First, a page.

Figuration: Photorealism and Funk

A return to figurative art in the late 1960s and early 1970s is often characterised as a reaction against abstract art, particularly Abstract Expressionism, Conceptual art and Minimalism. While some artists revived naturalist figuration, often imbued with the illusion of objectivity, others used photographic images in their strategy. Photorealism—also known as Super- or Hyper-realism—exhibits a photographic precision in painting or mimics actual objects. On the other hand, art that is ‘Funky’—the word was originally used in the sense of ‘smelly’—celebrates the deliberately distasteful. Funk art or Sick art are sometimes used synonymously, with Edward Kienholz held up as the Funk artist par excellence. Funk works often imply, overtly or otherwise, a criticism of concrete reality and the urban, Western world, presenting fantasy or highly coloured satire.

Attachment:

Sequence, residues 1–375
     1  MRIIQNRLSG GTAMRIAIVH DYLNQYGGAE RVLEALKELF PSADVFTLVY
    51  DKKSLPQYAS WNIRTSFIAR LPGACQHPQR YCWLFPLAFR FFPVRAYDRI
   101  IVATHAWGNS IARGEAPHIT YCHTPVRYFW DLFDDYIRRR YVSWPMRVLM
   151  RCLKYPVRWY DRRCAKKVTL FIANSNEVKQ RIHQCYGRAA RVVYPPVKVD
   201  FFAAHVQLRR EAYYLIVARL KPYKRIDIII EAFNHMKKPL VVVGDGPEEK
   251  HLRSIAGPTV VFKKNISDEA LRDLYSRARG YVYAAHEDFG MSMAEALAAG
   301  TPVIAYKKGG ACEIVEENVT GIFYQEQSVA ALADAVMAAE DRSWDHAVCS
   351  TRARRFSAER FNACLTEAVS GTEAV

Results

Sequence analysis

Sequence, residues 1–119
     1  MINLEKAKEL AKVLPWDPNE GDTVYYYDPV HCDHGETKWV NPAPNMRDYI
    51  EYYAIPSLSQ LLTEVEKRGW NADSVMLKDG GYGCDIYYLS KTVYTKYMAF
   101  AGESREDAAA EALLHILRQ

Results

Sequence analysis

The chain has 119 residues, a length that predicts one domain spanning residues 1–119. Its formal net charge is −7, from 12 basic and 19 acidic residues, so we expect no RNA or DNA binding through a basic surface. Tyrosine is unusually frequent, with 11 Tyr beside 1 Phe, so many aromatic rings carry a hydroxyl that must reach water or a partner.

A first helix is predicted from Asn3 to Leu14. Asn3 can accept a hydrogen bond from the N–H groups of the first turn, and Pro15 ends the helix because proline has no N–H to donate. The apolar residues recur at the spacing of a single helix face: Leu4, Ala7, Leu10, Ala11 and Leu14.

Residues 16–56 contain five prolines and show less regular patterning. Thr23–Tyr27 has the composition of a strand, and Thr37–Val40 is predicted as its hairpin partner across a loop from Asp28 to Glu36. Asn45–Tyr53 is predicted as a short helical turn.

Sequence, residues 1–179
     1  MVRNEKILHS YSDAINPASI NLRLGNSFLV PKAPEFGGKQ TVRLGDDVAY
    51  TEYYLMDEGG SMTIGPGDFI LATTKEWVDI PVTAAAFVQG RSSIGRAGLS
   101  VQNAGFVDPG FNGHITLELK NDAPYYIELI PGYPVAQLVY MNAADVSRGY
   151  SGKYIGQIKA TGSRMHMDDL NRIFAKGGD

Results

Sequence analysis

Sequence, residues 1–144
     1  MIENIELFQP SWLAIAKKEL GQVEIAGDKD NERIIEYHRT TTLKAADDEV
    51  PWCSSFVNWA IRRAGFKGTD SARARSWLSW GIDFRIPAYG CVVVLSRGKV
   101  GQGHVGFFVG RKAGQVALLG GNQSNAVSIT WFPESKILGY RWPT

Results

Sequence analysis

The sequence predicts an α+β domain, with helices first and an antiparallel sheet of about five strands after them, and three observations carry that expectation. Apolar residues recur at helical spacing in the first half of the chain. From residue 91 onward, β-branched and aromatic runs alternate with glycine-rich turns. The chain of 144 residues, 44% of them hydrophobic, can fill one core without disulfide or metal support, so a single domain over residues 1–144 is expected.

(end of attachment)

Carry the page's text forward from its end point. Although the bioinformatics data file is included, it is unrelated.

These new forms of Realism emerged in the 1960s out of Pop, and some of their premises are interchangeable. They are dependent on and, to an extent, develop out of photography as an art form, but take the idea of the camera’s immediacy, veracity and objectivity to its logical extreme: a lens provides a pseudo-scientific masking for the artist’s individuality. The painstaking technique of Photorealism has a long line of historical predecessors, from the verism of Dutch painting of the seventeenth century to nineteenth-century academic painting and Surrealism. Unlike earlier Realists for whom subject was paramount, for Photorealists the act of looking is of primary importance. They make themselves into visual machines, disguising their creative contribution.